English Comes from Turkey: Part I

This recent BBC article highlights the work of Kiwi researcher Dr. Quentin Atkinson on the origin of Indoeuropean. This is a language that we actually know very little about but many of the world’s major languages are derived from it (see the map below). The green countries mainly speak languages that descend from Indoeuropean, the neon green ones have an Indoeuropean language as their official language (or an official language) but actually have multilingual societies, and the turquoise ones have large minorities that speak an Indoeuropean language.

My friend Vlad (over at Forever a Student) has been attempting to learn Persian/Farsi. He speaks eleven languages, some of them with a near native level of mastery. Most of his languages are Indoeuropean: English, Italian, Slovak, French, Russian, German, Czech, Spanish, German and Portuguese. He also speaks two that are not Indoeuropean quite well (Mandarin Chinese and Hungarian). The man can’t help but be a philologist! Here are some examples of connections that he’s made between his different Indoeuropean languages and his newest Indoeuropean language: Persian.


Apart from the most obvious ones like bad (bad), tche (che), barâdar (brother), nou (new) and others, there are also a few mind blowing vocabulary relation to Slavic languages:
vopors – to ask (Rus vopros – question, Svk prosiť – to ask)

Zohré (Venus, Svk Zornička – Venus)
zohr – morning (Svk zore – morning red sky)
zan – woman (Svk žena – woman)
zemestân – winter (Svk zima – winter)
zamin – ground (Svk zem – ground)
Here’s a list of some other cognates I found so far:

Hast – there is, il y a, es gibt

Barâdar – brother
Markaz – market
Mâdar – mother
Dochtâr – doughter
Kelid – key

There are a lot of other cognates as well, but they are obviously much younger:

garson – boy

botri – bottle
taxi – taxi
All of these languages must have had a common source. We call that source Indoeuropean even though we have no idea who the Indoeuropeans were, what they actually called themselves or even exactly how their language worked. The modern language that is closest to the original Indoeuropean is supposed to be Lithuanian. What scientists have commonly suspected is that, after the wheel was invented, the Indoeuropeans left their home in the Caucuses (see below) and went all over the place.

Dr. Atkinson applied technology that shows the level of commonality in the DNA in different organisms to languages. This apparently was done with a huge data base of cognates. His results led him to believe that Indoeurpean does not come from the Caucuses but from Turkey.

What do you think of this idea? Do languages change the same way that organisms evolve?  Does it matter where Indoeuropean originated?

10 Responses

  1. Well of course it matters, from an anthropological point of view as well as a linguistic one and a historical one. There are a lot of academic fields that will be affected by this.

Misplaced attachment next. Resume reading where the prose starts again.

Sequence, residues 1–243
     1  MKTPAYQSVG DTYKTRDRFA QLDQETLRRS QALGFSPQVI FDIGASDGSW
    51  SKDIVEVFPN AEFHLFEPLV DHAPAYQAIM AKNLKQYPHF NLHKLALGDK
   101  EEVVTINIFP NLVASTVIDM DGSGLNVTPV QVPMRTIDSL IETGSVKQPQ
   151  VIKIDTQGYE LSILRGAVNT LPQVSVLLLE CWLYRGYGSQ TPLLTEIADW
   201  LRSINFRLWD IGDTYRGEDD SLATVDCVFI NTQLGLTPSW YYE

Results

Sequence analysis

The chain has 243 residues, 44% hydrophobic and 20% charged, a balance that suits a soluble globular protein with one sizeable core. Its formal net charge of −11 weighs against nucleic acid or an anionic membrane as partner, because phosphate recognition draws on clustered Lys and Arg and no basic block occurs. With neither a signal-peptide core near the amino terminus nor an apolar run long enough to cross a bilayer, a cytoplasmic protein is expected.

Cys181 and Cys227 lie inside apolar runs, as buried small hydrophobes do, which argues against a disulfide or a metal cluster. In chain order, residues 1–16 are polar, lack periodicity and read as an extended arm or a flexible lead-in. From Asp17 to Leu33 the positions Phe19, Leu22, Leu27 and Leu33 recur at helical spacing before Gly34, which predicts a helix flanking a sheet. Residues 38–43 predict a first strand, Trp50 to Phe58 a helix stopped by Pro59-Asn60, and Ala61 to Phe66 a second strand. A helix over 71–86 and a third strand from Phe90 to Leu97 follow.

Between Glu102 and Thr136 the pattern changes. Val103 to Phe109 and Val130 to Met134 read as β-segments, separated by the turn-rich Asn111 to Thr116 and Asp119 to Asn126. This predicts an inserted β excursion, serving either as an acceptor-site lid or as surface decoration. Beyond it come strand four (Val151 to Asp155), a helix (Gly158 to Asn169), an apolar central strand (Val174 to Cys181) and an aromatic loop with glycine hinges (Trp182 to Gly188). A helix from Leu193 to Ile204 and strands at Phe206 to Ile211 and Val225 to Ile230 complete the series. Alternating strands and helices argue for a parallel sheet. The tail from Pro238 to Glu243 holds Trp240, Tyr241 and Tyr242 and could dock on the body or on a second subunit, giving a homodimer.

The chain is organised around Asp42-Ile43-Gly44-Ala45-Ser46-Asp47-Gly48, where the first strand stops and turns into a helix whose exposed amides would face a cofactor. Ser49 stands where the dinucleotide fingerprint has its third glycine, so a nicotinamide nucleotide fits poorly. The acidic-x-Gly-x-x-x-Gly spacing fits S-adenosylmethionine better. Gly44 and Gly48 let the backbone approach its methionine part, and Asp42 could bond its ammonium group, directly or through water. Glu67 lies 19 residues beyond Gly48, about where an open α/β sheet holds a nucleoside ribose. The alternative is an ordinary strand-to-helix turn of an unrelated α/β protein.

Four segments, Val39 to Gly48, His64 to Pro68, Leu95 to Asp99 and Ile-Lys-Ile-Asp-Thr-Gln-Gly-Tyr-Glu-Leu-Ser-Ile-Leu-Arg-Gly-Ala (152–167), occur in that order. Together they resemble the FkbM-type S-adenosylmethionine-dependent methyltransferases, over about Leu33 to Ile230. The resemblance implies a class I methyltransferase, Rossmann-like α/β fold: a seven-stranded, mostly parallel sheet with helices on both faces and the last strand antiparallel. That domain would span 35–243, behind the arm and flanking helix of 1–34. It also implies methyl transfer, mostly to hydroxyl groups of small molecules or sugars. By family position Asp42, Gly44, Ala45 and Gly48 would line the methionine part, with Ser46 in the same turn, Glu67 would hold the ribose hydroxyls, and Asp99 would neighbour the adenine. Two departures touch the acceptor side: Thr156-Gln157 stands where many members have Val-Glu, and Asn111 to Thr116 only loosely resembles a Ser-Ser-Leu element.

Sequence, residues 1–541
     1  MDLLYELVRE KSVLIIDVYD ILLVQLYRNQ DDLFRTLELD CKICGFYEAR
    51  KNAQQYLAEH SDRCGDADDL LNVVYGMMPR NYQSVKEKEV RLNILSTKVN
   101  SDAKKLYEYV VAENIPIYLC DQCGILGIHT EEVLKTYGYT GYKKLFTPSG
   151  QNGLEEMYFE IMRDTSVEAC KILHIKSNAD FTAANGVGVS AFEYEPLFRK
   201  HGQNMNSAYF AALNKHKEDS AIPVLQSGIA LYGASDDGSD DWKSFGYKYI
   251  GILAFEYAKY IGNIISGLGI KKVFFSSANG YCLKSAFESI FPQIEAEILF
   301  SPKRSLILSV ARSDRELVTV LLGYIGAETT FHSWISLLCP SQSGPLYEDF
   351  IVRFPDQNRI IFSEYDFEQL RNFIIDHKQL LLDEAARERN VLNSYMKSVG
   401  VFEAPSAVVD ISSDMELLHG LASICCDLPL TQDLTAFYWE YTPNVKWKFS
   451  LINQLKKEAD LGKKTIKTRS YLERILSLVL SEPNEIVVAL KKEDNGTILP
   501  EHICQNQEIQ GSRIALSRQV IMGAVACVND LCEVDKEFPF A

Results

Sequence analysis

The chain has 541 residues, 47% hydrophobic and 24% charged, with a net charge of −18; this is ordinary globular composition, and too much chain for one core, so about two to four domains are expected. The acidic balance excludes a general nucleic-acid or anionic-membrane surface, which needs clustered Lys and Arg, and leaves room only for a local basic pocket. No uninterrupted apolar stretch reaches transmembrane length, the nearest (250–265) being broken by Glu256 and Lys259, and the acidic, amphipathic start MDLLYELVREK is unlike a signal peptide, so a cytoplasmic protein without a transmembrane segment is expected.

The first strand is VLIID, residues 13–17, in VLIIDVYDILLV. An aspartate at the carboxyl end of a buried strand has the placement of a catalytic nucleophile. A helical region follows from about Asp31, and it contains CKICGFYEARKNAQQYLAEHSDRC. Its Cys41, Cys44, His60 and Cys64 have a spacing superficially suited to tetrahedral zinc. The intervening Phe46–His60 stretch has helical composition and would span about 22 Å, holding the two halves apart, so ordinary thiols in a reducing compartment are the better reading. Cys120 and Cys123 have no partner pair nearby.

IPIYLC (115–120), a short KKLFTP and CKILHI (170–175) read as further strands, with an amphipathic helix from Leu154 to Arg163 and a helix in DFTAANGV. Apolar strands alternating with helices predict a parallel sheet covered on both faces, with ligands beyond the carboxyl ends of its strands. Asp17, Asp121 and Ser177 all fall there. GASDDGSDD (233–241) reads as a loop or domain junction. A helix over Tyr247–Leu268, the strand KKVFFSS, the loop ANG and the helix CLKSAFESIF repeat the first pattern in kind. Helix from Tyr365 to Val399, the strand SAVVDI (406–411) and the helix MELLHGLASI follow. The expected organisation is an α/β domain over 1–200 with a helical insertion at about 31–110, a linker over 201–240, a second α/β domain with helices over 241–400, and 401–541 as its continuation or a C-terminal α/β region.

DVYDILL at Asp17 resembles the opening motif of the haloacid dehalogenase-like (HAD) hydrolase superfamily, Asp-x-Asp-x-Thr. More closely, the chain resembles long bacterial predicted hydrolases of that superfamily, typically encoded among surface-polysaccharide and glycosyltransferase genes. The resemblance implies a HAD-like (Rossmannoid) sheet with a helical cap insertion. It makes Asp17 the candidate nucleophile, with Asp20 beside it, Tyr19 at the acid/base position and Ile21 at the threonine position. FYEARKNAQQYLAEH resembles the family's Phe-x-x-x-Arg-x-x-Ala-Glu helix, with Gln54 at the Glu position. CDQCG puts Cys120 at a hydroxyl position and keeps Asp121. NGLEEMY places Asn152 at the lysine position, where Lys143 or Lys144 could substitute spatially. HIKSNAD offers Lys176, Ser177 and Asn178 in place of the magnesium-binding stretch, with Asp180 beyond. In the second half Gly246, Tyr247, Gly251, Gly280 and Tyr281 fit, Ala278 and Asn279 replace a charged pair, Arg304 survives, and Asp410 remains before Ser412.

I definitely think there’s some sort of evolution to languages even if it’s not perfectly identical in nature to that of organisms, there’s definitely a sort of natural selection based on utility that occurs where the most useful ones spread like wildfire and the least useful ones die out.

    Fascinating article and analysis, Ryan, thanks for sharing.


  2. […] vocabulary… What to Expect at a Deposition: Part 2 Upcoming Literary Translation Events English Comes from Turkey: Part I What exactly is corpus linguistics? Interesting facts about language How language change sneaks in […]

  3. Thanks, Ryan. I especially like the Farsi comments, since I’m learning Farsi.

    Since I learned Arabic before, Farsi vocab is a lot easier. I found that I can even say Arabic words with a Farsi accent and people can often understand. It’s funny. I was hoping this would work with Somali, but not so much.

    Regarding evolution, I’d like to bring up another point. Languages don’t evolve in a vacuum but in an ecosystem. For example, Farsi borrowed a lot of words from Arabic. At the same time, Arabic has borrowed many Persian words. In addition, Iraqi Arabic pronounces the “k” as a “ch” as in many Persian dialects. The first person singular pronoun in Arabic is “aani” has the distinctive rounded “aa” that you find in Farsi. (For what it’s worth, the same pronoun in Hebrew is “ani,” so maybe the similarity goes back farther.)

    A friend of mine, now in his 80s, wrote a definitive work on the areal language relations in India. This is a very interesting idea, which shows the interactions between “environmental” and “genetic” aspects of language.

    • Good food for thought Rich, as always. I definitely see how the evolution of species and the way in which languages change over time have some real similarities. I also think there is at least one very important difference that has to do with animal instinct.

  4. Haven’t heard from you in a while. Hope you’re doing well and I look forward to the next post!

  5. […] English Comes from Turkey: Part I […]

  6. Very interesting! I found your website somewhere over a friend’s wall on Facebook, and I can’t help but to read more of your blog. Keep up the good work my friend!

  7. This is very nice. I saw your site through foreverastudent.com and glad I found it. Definitely will bookmark this blog to follow it. Thanks!

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